A review of two models for tolerance analysis of an assembly: Jacobian and torsor
The dimensional and geometrical variations of each part of an assembly have to be limited by tolerances able to ensure both a standardised production and a certain level of quality, which is defined by satisfying functional requirements. The appropriate allocation of tolerances among the different parts of an assembly is the fundamental tool to ensure assemblies that work correctly at lower costs. Therefore, there is a strong need to develop a tolerance analysis to satisfy the requirements of the assembly by the tolerances imposed on the single parts. This tool has to be based on a mathematical model able to evaluate the cumulative effect of the single tolerances. Actually there are some different models used or proposed by the literature to make the tolerance analysis of an assembly constituted by rigid parts, but none of them is completely and univocally accepted. Some authors focus their attention on the solution of single problems found in these models or in their practical application in computer-aided tolerancing systems. But none of them has done an objective and complete comparison among them, analysing the advantages and the weakness and furnishing a criterion for their choice and application. This paper briefly introduces two of the main models for tolerance analysis, the Jacobian and the torsor. These models are briefly described and then compared showing their analogies and differences. The evolution of these two models, known as unified Jacobian-torsor model, is presented too.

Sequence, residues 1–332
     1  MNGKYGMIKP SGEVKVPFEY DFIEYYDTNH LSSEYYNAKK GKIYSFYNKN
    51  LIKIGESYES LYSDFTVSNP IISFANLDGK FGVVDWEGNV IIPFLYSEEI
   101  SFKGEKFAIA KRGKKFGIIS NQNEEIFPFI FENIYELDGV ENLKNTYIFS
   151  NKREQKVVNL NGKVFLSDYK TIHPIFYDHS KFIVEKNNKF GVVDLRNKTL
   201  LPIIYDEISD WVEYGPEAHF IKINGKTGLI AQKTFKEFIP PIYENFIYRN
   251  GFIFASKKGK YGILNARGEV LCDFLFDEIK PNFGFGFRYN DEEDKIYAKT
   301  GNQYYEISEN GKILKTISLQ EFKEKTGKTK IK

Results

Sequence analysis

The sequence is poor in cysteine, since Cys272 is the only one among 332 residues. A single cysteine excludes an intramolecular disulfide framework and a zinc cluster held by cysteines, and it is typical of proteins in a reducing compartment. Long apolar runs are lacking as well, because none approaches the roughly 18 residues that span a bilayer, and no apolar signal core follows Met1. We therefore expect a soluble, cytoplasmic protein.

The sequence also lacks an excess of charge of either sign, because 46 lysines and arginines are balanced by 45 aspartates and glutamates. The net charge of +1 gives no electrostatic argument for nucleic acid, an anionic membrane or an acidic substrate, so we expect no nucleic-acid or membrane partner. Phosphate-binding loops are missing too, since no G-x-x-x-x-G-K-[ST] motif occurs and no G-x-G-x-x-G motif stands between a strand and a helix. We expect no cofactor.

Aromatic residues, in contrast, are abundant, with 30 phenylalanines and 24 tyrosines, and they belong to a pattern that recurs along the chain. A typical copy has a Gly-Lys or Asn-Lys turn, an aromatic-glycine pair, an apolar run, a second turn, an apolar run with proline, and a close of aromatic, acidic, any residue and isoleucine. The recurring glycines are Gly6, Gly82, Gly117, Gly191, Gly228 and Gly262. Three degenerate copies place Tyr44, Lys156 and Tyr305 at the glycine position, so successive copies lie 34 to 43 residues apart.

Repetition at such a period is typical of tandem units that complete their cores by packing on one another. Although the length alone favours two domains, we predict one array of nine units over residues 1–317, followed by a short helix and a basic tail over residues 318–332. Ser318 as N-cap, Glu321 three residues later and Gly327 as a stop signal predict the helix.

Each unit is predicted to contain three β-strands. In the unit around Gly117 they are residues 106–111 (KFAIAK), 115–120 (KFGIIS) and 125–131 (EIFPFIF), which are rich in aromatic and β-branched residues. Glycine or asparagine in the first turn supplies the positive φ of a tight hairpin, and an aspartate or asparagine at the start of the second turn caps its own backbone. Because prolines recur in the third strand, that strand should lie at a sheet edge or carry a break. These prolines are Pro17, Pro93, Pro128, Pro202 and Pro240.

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Document Type: Research Article
Affiliations: Università degli Studi di Cassino, via G. di Biasio 4303043Cassino, Italy
Publication date: January 1, 2011